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Bell tower coming to The University of Tampa

The university is adding a massive, technologically advanced bell tower to its campus.

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  • | 12:00 p.m. August 12, 2021
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The University of Tampa is getting a new bell tower.

That may not sound like a big deal, but this not just any bell tower. This is a big bell tower. A really big bell tower. And it’s fancy. And it’s technologically advanced.

And, to be fair, it’s probably better if we call it a bell structure since tower doesn’t do what’s coming to the campus justice.

The 105-foot stainless steel tower will include 63 bronze bells — two of which are decorative — and will be able to play over 10,000 recorded songs and will be connected to an electronic keyboard.

According to the university, about six miles of wiring will connect the keyboard to each of the bells and will include four swinging bell motors as well as 147 lights. There also will be a fountain at the base of the structure. “Unlike traditional carillon bells, which musicians play by striking wooden batons with their fists, the Ars Sonora is played on an electronic piano keyboard,” the university says in a press release. “This offers the musician the ability to better control the speed, volume and dynamic range of the notes.”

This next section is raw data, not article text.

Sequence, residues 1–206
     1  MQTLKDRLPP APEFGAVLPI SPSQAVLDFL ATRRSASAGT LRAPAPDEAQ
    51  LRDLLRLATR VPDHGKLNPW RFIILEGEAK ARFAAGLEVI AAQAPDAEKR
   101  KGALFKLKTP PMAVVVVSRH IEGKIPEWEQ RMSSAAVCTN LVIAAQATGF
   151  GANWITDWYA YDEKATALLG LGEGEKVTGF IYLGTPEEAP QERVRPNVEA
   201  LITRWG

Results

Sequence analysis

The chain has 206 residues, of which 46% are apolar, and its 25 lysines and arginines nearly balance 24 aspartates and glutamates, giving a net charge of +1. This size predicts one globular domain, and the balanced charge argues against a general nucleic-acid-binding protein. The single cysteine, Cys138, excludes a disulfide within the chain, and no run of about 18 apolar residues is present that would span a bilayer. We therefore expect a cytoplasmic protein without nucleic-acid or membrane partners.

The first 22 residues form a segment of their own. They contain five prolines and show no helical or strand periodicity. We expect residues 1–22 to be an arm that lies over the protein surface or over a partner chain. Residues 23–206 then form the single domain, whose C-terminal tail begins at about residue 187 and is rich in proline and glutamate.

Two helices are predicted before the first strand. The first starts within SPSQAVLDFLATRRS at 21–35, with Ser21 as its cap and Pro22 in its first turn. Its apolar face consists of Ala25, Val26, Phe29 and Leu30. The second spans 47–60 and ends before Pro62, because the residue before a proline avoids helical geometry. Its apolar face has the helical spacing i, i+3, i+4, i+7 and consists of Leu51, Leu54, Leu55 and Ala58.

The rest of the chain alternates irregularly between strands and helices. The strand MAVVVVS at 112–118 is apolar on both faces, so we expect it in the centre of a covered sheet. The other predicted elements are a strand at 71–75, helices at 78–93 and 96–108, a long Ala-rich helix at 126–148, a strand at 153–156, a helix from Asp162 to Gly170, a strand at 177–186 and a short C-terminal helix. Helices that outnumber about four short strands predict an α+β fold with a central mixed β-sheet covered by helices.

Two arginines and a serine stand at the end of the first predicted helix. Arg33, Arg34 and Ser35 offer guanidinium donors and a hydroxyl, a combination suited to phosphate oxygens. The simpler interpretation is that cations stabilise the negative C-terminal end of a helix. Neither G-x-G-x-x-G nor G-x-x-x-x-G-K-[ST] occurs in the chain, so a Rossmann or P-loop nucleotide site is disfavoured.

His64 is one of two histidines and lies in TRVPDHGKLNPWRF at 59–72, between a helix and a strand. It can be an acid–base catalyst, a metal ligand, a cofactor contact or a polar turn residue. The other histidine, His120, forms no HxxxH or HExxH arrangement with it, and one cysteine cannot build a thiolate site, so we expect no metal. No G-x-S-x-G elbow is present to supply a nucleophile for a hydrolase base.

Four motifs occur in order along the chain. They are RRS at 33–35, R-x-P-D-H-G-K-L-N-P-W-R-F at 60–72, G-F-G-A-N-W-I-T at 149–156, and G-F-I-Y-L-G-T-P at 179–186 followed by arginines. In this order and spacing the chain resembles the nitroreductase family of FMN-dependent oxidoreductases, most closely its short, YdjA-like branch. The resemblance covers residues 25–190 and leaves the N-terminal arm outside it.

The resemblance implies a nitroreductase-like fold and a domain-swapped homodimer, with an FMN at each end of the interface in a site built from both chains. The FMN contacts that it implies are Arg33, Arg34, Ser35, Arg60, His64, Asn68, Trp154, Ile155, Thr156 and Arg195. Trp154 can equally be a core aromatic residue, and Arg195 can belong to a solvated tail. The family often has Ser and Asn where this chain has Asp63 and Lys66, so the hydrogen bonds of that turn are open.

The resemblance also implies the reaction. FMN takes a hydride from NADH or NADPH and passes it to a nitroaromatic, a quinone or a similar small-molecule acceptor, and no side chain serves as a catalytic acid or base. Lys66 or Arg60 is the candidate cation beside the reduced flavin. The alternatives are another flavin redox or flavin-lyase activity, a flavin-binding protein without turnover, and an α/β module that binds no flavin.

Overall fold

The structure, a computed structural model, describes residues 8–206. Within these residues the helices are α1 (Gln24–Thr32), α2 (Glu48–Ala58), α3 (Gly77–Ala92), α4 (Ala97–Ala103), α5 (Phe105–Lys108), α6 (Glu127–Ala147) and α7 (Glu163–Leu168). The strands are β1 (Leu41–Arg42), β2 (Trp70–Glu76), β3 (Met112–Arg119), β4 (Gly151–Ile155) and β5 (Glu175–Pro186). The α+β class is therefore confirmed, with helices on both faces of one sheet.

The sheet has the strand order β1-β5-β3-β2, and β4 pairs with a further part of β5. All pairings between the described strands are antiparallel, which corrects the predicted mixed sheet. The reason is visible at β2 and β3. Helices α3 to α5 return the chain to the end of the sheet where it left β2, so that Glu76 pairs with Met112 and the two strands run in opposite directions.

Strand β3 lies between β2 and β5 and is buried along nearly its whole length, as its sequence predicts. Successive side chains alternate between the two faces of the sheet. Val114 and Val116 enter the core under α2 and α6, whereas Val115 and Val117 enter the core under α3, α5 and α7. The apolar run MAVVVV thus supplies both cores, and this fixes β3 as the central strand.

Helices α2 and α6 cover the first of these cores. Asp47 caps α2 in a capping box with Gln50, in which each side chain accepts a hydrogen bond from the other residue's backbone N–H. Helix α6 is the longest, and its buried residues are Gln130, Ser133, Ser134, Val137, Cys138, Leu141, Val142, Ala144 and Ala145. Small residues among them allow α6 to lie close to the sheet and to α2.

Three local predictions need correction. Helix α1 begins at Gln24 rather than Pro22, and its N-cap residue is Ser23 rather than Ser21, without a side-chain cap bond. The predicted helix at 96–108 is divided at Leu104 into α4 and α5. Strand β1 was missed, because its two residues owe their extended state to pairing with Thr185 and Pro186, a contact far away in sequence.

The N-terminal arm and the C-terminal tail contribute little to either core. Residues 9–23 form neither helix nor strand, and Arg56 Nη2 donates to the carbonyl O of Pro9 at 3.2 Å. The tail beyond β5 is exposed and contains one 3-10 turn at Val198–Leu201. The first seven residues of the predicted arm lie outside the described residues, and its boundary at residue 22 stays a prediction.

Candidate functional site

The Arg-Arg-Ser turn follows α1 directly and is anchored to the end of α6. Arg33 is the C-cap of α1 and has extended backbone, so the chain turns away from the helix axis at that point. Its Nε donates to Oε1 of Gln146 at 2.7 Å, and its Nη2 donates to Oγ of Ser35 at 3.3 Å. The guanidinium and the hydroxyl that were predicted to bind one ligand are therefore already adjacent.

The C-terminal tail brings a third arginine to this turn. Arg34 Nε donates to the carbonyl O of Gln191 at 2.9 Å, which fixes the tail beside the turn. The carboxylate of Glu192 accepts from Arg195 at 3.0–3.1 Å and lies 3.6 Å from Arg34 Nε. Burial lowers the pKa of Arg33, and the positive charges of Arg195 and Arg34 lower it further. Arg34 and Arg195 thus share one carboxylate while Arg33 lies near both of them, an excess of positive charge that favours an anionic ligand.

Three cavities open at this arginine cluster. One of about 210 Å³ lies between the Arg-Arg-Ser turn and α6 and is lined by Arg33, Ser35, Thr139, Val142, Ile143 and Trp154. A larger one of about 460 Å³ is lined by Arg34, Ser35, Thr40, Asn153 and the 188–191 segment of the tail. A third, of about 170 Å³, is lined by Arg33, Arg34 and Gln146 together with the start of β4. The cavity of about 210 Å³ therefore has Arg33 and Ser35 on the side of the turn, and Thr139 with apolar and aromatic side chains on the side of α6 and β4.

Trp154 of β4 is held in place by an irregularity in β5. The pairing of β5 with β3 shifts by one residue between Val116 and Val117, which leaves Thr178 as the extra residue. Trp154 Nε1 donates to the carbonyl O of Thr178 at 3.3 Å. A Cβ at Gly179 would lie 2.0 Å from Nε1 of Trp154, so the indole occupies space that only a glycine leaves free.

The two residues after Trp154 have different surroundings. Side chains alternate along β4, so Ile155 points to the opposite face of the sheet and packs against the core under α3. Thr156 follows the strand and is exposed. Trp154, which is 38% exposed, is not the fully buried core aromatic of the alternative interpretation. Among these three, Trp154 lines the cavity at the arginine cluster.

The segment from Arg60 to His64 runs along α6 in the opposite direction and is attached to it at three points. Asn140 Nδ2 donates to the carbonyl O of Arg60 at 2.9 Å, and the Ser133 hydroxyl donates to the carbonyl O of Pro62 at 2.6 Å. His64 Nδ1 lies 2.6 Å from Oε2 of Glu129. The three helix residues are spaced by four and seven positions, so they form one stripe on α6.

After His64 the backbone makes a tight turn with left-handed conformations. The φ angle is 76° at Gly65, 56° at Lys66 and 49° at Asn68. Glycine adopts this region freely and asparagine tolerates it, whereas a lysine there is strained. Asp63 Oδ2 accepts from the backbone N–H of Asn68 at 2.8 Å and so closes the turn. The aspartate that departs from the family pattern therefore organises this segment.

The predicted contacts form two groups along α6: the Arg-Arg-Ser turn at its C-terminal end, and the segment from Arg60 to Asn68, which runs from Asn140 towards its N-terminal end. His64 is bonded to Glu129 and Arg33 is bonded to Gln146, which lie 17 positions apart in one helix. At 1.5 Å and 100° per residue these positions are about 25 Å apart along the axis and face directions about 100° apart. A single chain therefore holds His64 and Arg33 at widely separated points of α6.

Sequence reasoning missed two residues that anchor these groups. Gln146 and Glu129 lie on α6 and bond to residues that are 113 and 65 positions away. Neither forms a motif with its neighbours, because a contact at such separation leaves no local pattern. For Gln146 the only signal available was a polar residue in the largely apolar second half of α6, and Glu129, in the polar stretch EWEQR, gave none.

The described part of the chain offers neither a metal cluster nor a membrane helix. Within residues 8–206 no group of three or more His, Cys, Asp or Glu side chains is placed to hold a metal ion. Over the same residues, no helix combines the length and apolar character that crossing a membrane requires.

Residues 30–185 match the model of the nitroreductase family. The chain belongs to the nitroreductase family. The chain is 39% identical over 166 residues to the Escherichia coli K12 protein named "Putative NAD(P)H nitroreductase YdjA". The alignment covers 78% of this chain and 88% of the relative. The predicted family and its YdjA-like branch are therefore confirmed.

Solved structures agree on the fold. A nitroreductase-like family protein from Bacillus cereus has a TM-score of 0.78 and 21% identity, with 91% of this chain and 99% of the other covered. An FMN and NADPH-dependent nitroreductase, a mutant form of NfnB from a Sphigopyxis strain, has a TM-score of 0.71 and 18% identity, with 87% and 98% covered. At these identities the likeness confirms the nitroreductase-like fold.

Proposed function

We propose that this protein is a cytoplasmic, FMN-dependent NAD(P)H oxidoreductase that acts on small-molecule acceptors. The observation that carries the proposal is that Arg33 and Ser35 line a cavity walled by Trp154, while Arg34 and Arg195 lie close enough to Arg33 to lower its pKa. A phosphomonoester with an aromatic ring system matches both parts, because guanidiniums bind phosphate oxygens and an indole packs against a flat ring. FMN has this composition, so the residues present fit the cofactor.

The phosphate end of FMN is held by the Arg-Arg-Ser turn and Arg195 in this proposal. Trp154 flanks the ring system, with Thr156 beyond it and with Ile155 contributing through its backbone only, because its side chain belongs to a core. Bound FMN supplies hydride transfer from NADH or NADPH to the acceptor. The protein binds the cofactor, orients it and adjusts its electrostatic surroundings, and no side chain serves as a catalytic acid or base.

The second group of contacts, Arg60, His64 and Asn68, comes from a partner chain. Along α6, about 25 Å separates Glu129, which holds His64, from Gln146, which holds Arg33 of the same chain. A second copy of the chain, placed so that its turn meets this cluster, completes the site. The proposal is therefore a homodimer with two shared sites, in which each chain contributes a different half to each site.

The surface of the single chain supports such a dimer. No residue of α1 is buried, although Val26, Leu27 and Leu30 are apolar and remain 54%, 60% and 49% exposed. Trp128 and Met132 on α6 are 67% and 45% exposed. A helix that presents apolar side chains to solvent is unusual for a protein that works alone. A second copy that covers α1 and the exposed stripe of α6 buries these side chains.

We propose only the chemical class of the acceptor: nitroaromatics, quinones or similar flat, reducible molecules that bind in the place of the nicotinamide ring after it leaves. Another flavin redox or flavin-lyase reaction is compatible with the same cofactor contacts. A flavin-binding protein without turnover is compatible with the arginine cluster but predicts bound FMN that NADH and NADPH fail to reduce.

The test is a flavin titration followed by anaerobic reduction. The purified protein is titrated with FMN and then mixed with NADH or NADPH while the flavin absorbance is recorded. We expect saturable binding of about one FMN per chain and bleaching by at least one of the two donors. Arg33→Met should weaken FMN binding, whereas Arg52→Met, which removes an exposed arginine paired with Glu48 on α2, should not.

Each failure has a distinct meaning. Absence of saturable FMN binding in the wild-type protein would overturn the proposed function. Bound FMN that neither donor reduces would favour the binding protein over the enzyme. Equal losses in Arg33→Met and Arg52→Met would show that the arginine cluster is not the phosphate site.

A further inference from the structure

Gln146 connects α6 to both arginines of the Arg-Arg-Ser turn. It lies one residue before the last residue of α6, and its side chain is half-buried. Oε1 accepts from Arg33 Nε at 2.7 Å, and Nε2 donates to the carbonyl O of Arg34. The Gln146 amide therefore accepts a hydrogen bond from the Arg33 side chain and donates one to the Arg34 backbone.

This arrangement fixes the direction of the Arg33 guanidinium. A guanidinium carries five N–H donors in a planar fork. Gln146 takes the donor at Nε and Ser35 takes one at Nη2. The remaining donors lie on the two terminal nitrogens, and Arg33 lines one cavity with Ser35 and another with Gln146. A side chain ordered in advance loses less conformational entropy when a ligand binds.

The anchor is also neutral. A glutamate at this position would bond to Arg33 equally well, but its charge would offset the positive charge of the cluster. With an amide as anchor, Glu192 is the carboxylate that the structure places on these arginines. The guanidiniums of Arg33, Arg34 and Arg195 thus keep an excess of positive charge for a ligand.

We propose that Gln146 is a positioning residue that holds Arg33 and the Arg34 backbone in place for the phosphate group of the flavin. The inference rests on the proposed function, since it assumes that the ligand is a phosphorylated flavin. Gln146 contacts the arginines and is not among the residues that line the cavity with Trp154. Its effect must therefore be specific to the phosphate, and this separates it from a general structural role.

Not to mention saving wear and tear on the musician’s fists.

The bells were built by the Paccard Fonderie des Cloches in Annecy, a French Alps city near the Switzerland border. They were shipped to Chambéry, where the steel manufacturer Satill is assembling the structure. The Paccard foundry has been around since 1786 and developed the Ars Sonora concept in 1999. 

In a video announcing the bell structure, UT President Ronald Vaughn called it “musical sculpture.” He expects work to begin later this year and for it to be completed next year. The bell structure is part of the Sykes Chapel and Center for Faith and Values and will be in a plaza just north of the chapel. The plaza, in the shape of a lotus blossom, will include benches, trees and a grassy area.

University officials aren't releasing the cost of the project. funded by local philanthropists Susan and John Sykes.

And since this is Florida after all, it’s probably important to note the structure can withstand a Cat 5 hurricane and 160 mph winds, as well including protections against lightning strikes.


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